The Wetland at Harka Gård in Sweden
The artificial wetland at Harka Gård
The wetland at Harka Gård in Sweden was created by the renowned wildlife biologist Professor Vidar Marcström to address a problem affecting the Baltic Sea. The Baltic has been badly affected by pollution, including nitrogen and phosphorus run-off from agriculture. To reduce this pollution some coastal watercourses have been dammed, to allow settlement of the pollution inland. However, dams can harm the migrations needed by many spawning fish.
The Marcström method is to excavate a broad and shallow canal in parallel with the main water flow, with dams at the start to allow filling and at the end to allow emptying. The main stream can retain some water, but the bulk of the flow is slowed to deposit nutritive nitrogen and phosphorus where they enrich vegetation in the canal. The superb growing conditions for plants and associated invertebrates feed fish and ducks, both of which can be harvested to gain income. Moreover, the entire canal can be drained to remove vegetation as farmland compost when it becomes too dense.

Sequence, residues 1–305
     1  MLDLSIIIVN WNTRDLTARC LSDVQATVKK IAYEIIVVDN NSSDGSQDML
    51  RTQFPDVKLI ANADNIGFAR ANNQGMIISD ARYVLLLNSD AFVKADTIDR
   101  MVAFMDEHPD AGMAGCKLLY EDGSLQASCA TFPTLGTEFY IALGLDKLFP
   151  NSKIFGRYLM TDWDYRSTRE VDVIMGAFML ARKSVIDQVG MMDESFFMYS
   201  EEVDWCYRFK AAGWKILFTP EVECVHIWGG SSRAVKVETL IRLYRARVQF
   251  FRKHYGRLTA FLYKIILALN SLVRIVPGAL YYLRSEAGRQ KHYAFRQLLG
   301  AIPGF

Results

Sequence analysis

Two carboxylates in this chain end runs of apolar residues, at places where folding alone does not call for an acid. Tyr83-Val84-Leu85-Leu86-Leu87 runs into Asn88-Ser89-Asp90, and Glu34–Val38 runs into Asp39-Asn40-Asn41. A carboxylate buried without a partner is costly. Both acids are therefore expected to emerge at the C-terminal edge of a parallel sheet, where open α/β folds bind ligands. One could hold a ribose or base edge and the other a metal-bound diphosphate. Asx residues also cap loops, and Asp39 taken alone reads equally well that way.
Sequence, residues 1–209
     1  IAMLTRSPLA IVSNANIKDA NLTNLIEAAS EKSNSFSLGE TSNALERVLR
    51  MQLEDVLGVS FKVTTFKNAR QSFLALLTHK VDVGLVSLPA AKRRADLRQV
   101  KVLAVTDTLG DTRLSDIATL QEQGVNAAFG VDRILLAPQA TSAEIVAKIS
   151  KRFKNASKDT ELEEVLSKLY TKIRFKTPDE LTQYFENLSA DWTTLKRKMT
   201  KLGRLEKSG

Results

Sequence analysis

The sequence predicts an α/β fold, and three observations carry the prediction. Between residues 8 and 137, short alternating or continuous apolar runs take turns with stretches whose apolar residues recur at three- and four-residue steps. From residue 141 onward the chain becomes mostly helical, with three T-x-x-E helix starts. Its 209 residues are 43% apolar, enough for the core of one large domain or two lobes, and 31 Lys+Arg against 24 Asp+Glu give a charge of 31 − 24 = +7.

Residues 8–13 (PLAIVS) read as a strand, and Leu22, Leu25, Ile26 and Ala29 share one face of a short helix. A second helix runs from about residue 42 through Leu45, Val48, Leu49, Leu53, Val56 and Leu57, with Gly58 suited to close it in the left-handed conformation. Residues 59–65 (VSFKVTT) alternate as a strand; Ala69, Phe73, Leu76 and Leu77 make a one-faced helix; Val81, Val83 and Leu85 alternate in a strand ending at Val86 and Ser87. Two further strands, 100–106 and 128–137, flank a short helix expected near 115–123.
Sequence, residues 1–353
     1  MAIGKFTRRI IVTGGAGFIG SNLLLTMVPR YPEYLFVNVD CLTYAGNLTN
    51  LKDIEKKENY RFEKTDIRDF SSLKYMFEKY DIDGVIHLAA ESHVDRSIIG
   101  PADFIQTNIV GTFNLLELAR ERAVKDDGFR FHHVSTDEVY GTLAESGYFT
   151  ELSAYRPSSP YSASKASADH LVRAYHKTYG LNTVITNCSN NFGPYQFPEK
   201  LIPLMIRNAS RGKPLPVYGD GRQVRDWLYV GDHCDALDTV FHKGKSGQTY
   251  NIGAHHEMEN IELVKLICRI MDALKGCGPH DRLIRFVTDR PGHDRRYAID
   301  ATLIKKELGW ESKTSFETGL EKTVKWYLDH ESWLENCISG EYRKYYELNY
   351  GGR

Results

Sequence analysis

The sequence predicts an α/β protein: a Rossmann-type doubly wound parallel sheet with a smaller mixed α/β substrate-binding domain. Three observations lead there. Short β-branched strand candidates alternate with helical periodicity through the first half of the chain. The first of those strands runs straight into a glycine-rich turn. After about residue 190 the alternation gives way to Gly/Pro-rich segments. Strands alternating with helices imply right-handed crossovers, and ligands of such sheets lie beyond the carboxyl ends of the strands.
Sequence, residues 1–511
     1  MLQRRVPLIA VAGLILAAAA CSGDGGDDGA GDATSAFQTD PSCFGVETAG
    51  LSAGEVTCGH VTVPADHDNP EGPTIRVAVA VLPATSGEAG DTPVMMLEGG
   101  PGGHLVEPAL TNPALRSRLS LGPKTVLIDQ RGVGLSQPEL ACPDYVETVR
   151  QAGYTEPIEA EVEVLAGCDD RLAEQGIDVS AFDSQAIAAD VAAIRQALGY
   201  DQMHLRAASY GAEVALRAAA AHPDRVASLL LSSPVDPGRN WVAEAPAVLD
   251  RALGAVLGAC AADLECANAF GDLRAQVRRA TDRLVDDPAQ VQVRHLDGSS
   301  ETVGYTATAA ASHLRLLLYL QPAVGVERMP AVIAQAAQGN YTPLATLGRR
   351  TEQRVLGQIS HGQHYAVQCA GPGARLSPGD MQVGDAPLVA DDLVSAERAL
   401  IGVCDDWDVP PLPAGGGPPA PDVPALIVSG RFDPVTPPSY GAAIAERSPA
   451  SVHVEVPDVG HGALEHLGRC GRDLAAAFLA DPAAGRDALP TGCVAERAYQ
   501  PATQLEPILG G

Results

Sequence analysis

The wetland is ideal habitat for dabbling ducks
This aquaculture technique is more flexible in operation than more natural wetlands. It is most suitable for the very flat conditions found only on flood-plains, because the canal is only 40-50 cm deep to maximise plant growth. However, where the method is possible, Swedish authorities have been prepared to give 90% grants towards construction.